Ownership Considered Equity And Ownership Considered Debt
- Pages: 3
- Word count: 669
- Category: Finance
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Question #1: (Twenty Points)
(a). Why is stock ownership considered equity and bond ownership considered debt?
In finance you can think of equity as ownership in any asset after all debts associated with that asset are paid off. For example, a car or house with no outstanding debt is considered the owner’s equity because he or she can readily sell the item for cash. Stocks are equity because they represent ownership in a company. When a company needs money, the solution is to raise money by issuing bonds to a public market. Thousands of investors then each lend a portion of the capital needed. Really, a bond is nothing more than a loan for which you are the lender. The organization that sells a bond is known as the issuer. You can think of a bond as an IOU given by a borrower (the issuer) to a lender (the investor).
(b). I am considering buying a stock, the stock has a beta coefficient of 1.5, the current risk free rate in the market place (10 year T-Notes) is 3.0%, and the market risk premium is 5%. What is the required rate of return on this firm’s stock?
Βstock = 1.5
RFR = .003
Rmarket = .05
E(R) = the required rate of return
E(R) = RFR + βstock (Rmarket – RFR)
E(R) = 0.03 + 1.5 (0.05 – 0.03)
E(R) = 0.03 + 1.5 (0.02)
E(R) = 3.06%
Question #2: (Twenty Points)
Sexton Inc. is considering Projects S and L, whose cash flows are shown below. These projects are mutually exclusive, equally risky, and not repeatable. Please determine the NPV, IRR, Profitability Index and Payback for these two Projects.
Year 0 1 2 3 4
CFS -$2,050 $ 750 $ 760 $ 770 $ 780
CFL -$4,300 $1,500 $1,518 $1,536 $1,554
Question #3: (Twenty Points)
A stock is expected to pay a dividend of $0.75 at the end of the year. The required rate of return is rs = 10.5%, and the expected constant growth rate is g = 6.4%. What is the stock’s current price?
D1 = $0.75
rs = 10.5%
g = 6.4%
Po = Stock Current price
Po = D1/(rs – g)
Po = $0.75/(.105 – .064)
Po = $18.29
Question #4: (Twenty Points)
You were hired as a consultant to Giambono Company, whose target capital structure is 40% debt and 60% common equity. The firm’s interest rate on debt is 8.0% and their tax rate is 25%. The cost of common equity using retained earnings is 12.75%. What is its WACC?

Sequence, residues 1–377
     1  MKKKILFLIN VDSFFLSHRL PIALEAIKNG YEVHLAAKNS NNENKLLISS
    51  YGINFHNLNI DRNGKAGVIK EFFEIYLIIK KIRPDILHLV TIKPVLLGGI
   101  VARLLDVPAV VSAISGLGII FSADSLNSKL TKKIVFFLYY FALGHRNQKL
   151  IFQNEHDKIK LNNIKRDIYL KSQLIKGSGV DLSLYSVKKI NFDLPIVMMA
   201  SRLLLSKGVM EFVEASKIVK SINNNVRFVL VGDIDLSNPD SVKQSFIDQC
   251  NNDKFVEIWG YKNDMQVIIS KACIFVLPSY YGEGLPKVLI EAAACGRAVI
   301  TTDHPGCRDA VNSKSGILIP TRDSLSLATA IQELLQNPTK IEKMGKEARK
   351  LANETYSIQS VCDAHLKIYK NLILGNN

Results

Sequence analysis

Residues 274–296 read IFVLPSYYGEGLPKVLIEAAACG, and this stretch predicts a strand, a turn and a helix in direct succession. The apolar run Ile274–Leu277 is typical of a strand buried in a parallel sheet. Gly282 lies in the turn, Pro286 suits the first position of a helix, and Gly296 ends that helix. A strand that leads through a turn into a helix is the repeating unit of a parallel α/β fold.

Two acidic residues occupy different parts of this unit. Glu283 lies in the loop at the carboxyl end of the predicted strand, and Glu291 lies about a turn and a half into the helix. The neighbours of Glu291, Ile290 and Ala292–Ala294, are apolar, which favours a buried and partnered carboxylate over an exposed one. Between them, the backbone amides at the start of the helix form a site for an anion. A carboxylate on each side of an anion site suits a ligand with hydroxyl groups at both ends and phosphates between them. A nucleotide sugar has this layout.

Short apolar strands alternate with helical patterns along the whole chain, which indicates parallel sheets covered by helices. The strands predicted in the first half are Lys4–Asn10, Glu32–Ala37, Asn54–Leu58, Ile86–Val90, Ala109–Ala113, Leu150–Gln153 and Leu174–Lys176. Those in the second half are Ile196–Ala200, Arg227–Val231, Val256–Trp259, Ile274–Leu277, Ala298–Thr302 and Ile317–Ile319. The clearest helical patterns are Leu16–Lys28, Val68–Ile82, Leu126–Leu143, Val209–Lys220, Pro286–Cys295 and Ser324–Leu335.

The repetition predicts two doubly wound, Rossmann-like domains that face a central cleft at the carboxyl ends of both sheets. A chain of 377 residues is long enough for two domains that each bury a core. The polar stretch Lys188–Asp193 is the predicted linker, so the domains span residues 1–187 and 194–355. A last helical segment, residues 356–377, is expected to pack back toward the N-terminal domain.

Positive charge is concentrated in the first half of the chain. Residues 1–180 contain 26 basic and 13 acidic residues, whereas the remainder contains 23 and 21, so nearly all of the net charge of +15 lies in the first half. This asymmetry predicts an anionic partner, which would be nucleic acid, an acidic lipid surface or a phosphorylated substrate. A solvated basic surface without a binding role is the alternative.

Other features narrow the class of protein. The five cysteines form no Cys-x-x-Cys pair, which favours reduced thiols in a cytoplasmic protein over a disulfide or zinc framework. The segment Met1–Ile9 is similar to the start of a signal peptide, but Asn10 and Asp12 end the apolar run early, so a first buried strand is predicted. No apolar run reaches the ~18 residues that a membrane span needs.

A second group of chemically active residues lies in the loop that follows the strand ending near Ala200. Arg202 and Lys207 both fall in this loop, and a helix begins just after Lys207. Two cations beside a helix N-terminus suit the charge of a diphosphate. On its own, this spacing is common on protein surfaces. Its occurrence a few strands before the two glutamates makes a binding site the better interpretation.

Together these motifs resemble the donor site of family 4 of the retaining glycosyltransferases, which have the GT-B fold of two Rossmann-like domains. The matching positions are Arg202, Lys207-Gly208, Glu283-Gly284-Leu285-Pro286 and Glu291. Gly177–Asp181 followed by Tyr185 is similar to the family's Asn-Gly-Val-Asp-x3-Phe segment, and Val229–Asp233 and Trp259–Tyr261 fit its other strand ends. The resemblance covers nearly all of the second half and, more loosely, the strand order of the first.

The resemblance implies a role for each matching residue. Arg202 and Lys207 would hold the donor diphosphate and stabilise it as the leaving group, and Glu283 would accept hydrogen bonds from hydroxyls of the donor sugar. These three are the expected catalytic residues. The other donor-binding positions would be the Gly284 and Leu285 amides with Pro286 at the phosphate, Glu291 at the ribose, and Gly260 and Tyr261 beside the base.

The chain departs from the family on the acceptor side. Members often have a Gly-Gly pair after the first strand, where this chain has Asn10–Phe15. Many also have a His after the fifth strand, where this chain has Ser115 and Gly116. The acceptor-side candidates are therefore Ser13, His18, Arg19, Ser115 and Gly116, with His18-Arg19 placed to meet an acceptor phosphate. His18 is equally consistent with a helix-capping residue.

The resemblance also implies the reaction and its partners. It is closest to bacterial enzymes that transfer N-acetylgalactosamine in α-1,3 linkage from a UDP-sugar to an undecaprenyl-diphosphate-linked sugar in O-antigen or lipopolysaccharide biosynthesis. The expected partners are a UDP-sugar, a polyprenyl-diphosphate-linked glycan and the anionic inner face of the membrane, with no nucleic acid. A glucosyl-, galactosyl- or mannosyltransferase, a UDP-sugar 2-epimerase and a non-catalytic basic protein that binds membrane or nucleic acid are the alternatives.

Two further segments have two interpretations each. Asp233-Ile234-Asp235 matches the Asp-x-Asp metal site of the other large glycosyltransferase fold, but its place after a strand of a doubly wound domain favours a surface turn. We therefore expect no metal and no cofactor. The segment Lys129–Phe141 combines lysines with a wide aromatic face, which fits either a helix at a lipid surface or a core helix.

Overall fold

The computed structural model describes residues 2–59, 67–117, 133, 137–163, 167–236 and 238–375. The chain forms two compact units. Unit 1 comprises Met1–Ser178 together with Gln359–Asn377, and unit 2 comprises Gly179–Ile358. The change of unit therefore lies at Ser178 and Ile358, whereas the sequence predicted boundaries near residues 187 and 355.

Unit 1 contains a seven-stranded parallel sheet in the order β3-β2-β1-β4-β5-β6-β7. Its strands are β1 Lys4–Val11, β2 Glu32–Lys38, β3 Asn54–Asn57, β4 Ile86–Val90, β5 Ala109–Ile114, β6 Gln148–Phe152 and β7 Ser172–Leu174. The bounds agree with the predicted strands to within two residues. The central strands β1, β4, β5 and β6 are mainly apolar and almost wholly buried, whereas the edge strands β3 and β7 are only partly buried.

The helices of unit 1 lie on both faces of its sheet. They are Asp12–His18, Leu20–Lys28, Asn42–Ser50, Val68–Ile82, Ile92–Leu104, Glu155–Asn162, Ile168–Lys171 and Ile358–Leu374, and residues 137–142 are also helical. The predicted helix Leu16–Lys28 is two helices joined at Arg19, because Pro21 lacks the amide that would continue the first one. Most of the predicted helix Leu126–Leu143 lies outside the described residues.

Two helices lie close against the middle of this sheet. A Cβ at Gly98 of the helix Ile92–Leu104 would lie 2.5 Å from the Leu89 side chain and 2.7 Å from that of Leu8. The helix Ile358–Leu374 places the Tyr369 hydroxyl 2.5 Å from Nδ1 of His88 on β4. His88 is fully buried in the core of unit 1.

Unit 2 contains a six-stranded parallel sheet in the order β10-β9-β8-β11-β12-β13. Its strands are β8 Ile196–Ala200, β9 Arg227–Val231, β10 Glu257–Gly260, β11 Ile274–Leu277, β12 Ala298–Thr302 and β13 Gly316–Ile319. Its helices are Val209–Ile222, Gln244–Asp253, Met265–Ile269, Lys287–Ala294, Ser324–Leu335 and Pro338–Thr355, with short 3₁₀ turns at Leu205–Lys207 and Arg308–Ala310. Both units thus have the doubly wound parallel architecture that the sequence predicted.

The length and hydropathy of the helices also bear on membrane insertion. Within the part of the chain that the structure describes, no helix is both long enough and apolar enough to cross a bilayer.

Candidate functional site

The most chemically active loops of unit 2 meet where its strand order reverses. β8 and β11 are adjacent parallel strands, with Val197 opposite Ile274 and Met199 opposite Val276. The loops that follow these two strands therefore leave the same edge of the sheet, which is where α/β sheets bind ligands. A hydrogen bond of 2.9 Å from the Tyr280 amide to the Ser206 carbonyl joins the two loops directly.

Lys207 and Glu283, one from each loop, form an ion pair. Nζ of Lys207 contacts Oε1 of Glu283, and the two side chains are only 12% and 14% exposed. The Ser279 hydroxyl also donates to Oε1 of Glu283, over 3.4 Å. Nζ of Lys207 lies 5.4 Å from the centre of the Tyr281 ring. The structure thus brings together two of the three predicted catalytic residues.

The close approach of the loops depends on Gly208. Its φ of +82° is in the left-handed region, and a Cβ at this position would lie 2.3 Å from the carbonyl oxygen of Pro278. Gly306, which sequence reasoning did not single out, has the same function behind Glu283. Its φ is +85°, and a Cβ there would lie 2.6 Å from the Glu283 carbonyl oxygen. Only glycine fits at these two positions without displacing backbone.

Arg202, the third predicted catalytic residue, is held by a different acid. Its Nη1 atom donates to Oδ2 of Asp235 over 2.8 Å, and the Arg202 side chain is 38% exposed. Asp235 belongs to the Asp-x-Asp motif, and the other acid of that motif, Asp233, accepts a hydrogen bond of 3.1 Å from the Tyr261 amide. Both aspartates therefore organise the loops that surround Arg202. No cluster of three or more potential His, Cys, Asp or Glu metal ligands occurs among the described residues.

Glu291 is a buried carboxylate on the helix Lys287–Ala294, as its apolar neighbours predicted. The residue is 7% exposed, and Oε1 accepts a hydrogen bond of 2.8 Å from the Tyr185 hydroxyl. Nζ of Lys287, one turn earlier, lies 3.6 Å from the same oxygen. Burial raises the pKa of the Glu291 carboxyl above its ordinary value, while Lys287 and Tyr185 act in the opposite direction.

rD = .008
Tc = .25
D/V = .40
re = .1275
E/V = .60
WACC = rd(1-Tc)*(D/V)+re*(E/V)
WACC = .008(1-.25)*.40+.1275*.60
WACC = .0024+.0765
WACC = 7.89%
Question #5: (Twenty Points)
(a). Which of the following is NOT a relevant cash flow and thus should not be reflected in the analysis of a capital budgeting project? a. Changes in net working capital.
b. Shipping and installation costs.
c. Cannibalization effects.
d. Opportunity costs.
e. Sunk costs that have been expensed for tax purposes.
(b). A company is considering a new project. The CFO plans to calculate the project’s NPV by estimating the relevant cash flows for each year of the project’s life (i.e., the initial investment cost, the annual operating cash flows, and the terminal cash flow), then discounting those cash flows at the company’s overall WACC. Which one of the following factors should the CFO be sure to INCLUDE in the cash flows when estimating the relevant cash flows?
a. All sunk costs that have been incurred relating to the project. b. All interest expenses on debt used to help finance the project. c. The investment in working capital required to operate the project, even if that investment will be recovered at the end of the project’s life. d. Sunk costs that have been incurred relating to the project, but only if those costs were incurred prior to the current year. e. Effects of the project on other divisions of the firm, but only if those effects lower the project’s own direct cash flows.